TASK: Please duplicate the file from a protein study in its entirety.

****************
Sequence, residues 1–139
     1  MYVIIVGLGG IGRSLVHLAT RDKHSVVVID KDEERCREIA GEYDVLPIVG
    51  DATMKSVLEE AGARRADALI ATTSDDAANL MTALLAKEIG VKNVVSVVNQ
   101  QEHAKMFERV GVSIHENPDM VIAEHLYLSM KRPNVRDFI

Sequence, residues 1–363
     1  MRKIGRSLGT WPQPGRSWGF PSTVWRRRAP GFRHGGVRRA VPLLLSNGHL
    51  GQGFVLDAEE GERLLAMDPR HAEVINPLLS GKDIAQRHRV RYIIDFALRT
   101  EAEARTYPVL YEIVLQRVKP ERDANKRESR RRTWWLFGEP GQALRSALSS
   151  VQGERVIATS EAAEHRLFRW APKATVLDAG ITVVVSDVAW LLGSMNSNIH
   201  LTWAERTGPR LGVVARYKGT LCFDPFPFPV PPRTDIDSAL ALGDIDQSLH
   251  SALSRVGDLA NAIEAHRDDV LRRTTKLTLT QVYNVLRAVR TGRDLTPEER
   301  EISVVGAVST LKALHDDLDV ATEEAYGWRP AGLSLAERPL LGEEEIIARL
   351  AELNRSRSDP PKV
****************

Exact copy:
Sequence, residues 1–139
     1  MYVIIVGLGG IGRSLVHLAT RDKHSVVVID KDEERCREIA GEYDVLPIVG
    51  DATMKSVLEE AGARRADALI ATTSDDAANL MTALLAKEIG VKNVVSVVNQ
   101  QEHAKMFERV GVSIHENPDM VIAEHLYLSM KRPNVRDFI

Sequence, residues 1–363
     1  MRKIGRSLGT WPQPGRSWGF PSTVWRRRAP GFRHGGVRRA VPLLLSNGHL
    51  GQGFVLDAEE GERLLAMDPR HAEVINPLLS GKDIAQRHRV RYIIDFALRT
   101  EAEARTYPVL YEIVLQRVKP ERDANKRESR RRTWWLFGEP GQALRSALSS
   151  VQGERVIATS EAAEHRLFRW APKATVLDAG ITVVVSDVAW LLGSMNSNIH
   201  LTWAERTGPR LGVVARYKGT LCFDPFPFPV PPRTDIDSAL ALGDIDQSLH
   251  SALSRVGDLA NAIEAHRDDV LRRTTKLTLT QVYNVLRAVR TGRDLTPEER
   301  EISVVGAVST LKALHDDLDV ATEEAYGWRP AGLSLAERPL LGEEEIIARL
   351  AELNRSRSDP PKV